I’m a doctor specializing in weight management, preventive medicine, and public health. I’m not a “diet doctor” or “weight loss doctor.”

I’m on Faculty at Johns Hopkins University and George Washington University. I work alongside many others in the public health and health policy fields to help make it just a little easier to be healthy in our society.

My office is in Washington, D.C. at the National Center for Weight and Wellness, and I treat patients throughout the U.S. and internationally. We build productive and long-term relationships. They say really nice things about me.

Please look around my website, read my blog, or contact me. Here are a few recent blog entries:


Why We Eat the Way We Eat.

Post image for TEDx Manhattan video produced and published

Last weekend I spoke at a TEDx conference in Manhattan, which was organized around the theme, “Changing the Way We Eat.” I was joined by a group of fascinating speakers and attendees, including Laurie David (producer of An Inconvenient Truth), Ken Cook (president of Environmental Working Group), Josh Verteil (founder of Slow Food USA), Lucas Knowles (from the USDA), and many others.

I was asked to provide a perspective on “Why We Eat the Way We Eat.” Here’s what I said:


Training Young Docs…We Need Healers.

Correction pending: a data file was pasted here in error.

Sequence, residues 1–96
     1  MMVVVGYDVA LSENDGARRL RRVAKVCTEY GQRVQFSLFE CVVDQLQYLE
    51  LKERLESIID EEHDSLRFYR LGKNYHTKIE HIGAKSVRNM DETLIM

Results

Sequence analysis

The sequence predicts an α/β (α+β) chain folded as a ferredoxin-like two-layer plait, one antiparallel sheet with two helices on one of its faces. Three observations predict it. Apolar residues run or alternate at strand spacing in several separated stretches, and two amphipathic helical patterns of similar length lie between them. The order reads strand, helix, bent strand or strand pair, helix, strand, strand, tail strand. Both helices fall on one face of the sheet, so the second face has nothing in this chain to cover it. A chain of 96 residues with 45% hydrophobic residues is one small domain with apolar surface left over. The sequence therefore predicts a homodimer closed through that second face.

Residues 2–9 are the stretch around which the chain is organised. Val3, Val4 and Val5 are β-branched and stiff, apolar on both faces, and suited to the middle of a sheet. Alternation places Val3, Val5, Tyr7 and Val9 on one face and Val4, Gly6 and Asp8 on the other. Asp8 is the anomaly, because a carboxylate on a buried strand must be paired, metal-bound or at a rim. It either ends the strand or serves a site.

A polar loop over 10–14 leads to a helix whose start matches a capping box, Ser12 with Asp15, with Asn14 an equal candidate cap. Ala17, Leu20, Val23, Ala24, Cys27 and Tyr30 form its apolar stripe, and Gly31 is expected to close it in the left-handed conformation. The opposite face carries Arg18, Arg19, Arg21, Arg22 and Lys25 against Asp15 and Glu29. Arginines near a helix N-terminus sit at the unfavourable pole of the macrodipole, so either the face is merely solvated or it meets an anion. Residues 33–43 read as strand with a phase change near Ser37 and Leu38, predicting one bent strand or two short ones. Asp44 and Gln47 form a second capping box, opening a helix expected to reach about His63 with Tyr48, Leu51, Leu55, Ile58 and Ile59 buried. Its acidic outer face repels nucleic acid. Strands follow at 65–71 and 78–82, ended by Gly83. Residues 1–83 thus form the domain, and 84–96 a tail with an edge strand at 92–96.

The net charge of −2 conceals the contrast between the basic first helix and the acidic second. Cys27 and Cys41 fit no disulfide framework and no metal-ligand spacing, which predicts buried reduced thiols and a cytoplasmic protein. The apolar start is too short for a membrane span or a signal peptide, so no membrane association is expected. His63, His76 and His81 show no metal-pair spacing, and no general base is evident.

A patient of mine recently alerted me to this exciting NY Times article that describes the admission process of Virginia Tech‘s medical school. Rather than the traditional interview questions about test scores and grades, this process is more like “speed dating,” in which candidates are randomly exposed to 8 standardized patients (actors) who each present a difficult clinical/ethical situation. Applicants are assessed based on their ability to productively and humanely interact with the “patients.”

I’ve long argued that the traditional process of choosing medical students selects for the wrong type of doctors-to-be; it prizes how you look on paper rather who you are, scores above substance.

This formula leads to lots of really smart doctors with good credentials but poor people skills. It leads to medical consultants, not healers, not partners in care. Read more.


Obesity is a Disease. Really.

Originally published in The Huffington Post.

By now, virtually everyone reading this is familiar with the alarming stats on obesity rates and the health outcomes associated with excess weight. And by now, we’ve all had a chance to develop our own opinions about what obesity is and why most of us are getting fat. Here’s mine:

Obesity is a chronic medical condition – i.e., a disease. Read more


PBS Roundtable

As part of a PBS Roundtable discussion on obesity, I was asked to share my thoughts on “junk food taxes.” This brief clip describes the many determinants, or factors, that go into our behaviors and choices. One of the key factors is cost. All else being equal, when something costs a relatively large amount, there is a lesser chance that we’ll spend our money on it; if it becomes cheaper, there is a greater likelihood that we’ll purchase it. This is “Economics 101.”   Read more